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A Matter of Some Gravity
Learning Goal:
To understand Newton's law of gravitation and the distinction between inertial and
gravitational masses.
In this problem, you will practice using Newton's law of gravitation. According to that law, the
magnitude of the gravitational force
between two small particles of masses
and
,
separated by a distance
, is given by
,
where
is the universal gravitational constant, whose numerical value (in SI units) is
.
This formula applies not only to small particles, but also to spherical objects. In fact, the
gravitational force between two uniform spheres is the same as if we concentrated all the mass of
each sphere at its center. Thus, by modeling the Earth and the Moon as uniform spheres, you can
use the particle approximation when calculating the force of gravity between them.
Be careful in using Newton's law to choose the correct value for
. To calculate the force of
gravitational attraction between two uniform spheres, the distance
in the equation for Newton's
law of gravitation is the distance between the centers of the spheres. For instance, if a small object
such as an elephant is located on the surface of the Earth, the radius of the Earth
would be
used in the equation. Note that the force of gravity acting on an object located near the surface of a
planet is often called
weight
.
Also note that in situations involving satellites, you are often given the altitude of the satellite, that
is, the distance from the satellite to the surface of the planet; this is not the distance to be used in the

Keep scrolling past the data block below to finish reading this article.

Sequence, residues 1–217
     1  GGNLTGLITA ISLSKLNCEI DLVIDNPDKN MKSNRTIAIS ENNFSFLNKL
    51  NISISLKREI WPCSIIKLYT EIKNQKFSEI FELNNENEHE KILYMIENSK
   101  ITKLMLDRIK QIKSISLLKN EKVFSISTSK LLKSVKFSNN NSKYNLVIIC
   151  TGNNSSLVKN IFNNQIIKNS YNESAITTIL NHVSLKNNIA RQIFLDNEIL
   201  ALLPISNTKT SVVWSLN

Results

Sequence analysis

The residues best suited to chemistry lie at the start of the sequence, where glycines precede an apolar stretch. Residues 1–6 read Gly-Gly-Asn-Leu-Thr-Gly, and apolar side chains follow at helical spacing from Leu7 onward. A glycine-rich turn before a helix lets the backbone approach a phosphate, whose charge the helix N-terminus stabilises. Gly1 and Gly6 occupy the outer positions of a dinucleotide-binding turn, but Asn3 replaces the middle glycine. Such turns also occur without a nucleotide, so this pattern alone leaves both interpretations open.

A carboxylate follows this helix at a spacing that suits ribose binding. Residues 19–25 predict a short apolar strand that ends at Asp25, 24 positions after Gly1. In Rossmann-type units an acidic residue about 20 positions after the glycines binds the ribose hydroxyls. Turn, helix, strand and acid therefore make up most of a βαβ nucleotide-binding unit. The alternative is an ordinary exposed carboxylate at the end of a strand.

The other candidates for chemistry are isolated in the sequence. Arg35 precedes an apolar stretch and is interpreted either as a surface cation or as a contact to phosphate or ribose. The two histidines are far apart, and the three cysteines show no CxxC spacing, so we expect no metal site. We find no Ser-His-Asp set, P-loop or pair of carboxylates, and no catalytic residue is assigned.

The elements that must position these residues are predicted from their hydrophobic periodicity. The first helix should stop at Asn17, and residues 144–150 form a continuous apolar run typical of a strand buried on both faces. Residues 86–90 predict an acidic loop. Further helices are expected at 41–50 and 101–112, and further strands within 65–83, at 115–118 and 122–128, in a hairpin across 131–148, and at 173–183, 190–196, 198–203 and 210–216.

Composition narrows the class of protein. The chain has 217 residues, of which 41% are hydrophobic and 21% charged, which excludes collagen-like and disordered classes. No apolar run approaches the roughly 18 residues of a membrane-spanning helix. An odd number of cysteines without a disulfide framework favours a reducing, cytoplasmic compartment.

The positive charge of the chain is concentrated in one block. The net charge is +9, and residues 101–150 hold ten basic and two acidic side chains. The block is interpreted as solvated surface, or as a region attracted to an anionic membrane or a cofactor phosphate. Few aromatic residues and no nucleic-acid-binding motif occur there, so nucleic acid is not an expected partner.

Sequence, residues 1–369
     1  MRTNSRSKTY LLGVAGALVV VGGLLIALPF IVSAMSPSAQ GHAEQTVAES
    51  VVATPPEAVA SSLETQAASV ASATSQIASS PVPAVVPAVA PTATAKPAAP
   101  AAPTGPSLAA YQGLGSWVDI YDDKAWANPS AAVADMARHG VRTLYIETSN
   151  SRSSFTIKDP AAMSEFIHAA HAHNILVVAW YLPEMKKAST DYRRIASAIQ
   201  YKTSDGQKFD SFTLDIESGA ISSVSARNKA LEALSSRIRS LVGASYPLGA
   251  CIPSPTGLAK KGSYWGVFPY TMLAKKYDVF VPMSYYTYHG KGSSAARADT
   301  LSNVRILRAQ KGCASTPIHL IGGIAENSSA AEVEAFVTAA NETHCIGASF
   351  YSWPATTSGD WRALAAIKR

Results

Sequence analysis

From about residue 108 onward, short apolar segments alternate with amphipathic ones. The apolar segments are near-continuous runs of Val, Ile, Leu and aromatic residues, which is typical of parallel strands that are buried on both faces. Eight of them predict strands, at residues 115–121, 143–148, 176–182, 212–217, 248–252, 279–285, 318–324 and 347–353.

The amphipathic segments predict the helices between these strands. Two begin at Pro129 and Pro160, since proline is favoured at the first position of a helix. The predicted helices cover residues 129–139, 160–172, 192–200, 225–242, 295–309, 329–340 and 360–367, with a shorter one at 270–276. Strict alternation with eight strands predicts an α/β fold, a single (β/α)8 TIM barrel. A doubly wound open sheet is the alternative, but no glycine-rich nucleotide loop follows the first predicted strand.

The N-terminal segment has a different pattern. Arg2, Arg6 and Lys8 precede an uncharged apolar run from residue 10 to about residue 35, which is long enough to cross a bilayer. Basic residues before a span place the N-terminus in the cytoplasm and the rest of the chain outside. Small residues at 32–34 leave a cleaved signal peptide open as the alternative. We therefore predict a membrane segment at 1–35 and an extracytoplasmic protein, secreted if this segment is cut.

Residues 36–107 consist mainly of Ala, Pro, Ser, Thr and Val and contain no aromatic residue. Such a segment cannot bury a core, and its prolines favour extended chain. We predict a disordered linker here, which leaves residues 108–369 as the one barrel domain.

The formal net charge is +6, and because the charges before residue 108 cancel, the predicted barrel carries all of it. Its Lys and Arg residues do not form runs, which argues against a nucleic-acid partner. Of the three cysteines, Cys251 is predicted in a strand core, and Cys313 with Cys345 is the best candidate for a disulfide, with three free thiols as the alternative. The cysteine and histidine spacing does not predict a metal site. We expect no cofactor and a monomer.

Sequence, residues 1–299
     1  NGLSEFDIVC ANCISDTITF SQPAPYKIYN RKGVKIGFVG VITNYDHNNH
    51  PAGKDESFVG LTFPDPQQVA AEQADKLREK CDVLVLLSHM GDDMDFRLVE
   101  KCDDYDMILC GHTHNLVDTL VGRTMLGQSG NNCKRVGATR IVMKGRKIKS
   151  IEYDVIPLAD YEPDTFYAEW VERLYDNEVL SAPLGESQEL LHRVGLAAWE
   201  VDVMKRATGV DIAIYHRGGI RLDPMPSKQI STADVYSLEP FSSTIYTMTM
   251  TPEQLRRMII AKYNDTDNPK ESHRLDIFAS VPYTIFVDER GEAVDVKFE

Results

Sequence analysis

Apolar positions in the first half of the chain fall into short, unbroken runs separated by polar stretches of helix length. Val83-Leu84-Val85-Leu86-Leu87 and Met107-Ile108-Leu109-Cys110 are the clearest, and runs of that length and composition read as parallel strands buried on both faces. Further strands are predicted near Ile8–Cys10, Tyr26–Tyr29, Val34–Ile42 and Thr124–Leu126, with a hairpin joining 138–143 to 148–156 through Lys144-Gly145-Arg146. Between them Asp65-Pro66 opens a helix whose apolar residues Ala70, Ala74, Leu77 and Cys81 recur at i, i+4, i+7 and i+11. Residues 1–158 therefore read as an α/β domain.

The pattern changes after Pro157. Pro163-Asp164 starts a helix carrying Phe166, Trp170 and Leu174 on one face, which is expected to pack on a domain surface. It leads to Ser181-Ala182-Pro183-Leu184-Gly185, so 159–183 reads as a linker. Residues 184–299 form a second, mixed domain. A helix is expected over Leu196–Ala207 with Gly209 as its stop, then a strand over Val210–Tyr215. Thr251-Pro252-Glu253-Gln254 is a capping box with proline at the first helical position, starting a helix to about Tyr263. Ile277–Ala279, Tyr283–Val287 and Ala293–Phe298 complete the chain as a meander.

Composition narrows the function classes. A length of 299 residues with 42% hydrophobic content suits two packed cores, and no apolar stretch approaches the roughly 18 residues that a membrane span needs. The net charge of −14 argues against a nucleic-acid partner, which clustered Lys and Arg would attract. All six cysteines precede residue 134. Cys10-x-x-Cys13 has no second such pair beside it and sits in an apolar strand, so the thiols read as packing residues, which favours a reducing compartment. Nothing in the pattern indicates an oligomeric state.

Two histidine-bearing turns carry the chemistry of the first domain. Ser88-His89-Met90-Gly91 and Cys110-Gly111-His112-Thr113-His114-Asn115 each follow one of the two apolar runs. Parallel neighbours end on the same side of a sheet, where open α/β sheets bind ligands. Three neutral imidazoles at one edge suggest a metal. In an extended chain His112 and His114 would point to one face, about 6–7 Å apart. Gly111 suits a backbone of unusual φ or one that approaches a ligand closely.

formula for the law of gravitation.
There is a potentially confusing issue involving mass. Mass is defined as a measure of an object's
inertia, that is, its ability to resist acceleration. Newton's second law demonstrates the relationship
between mass, acceleration, and the net force acting on an object:
. We can now refer to
this measure of inertia more precisely as the
inertial mass
.
On the other hand, the masses of the particles that appear in the expression for the law of gravity
seem to have nothing to do with inertia: Rather, they serve as a measure of the strength of
gravitational interactions. It would be reasonable to call such a property
gravitational mass
.
Does this mean that every object has two different masses? Generally speaking, yes. However, the

MasteringPhysics: Assignment Print View
good news is that according to the latest, highly precise, measurements, the inertial and the
gravitational mass of an object are, in fact, equal to each other; it is an established consensus among
physicists that there is only one mass after all, which is a measure of both the object's inertia and its
ability to engage in gravitational interactions. Note that this consensus, like everything else in
science, is open to possible amendments in the future.

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